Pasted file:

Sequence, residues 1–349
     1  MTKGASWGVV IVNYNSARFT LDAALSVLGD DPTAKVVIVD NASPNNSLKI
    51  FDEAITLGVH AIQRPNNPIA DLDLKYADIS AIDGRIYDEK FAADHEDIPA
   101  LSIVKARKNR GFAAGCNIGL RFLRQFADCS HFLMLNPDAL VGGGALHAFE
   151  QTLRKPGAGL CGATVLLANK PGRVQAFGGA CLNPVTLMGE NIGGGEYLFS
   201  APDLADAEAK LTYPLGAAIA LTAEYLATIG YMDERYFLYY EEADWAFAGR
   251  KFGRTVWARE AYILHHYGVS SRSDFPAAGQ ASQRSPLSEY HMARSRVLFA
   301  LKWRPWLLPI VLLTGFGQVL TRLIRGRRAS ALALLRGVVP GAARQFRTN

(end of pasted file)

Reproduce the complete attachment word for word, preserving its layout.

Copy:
Sequence, residues 1–349
     1  MTKGASWGVV IVNYNSARFT LDAALSVLGD DPTAKVVIVD NASPNNSLKI
    51  FDEAITLGVH AIQRPNNPIA DLDLKYADIS AIDGRIYDEK FAADHEDIPA
   101  LSIVKARKNR GFAAGCNIGL RFLRQFADCS HFLMLNPDAL VGGGALHAFE
   151  QTLRKPGAGL CGATVLLANK PGRVQAFGGA CLNPVTLMGE NIGGGEYLFS
   201  APDLADAEAK LTYPLGAAIA LTAEYLATIG YMDERYFLYY EEADWAFAGR
   251  KFGRTVWARE AYILHHYGVS SRSDFPAAGQ ASQRSPLSEY HMARSRVLFA
   301  LKWRPWLLPI VLLTGFGQVL TRLIRGRRAS ALALLRGVVP GAARQFRTN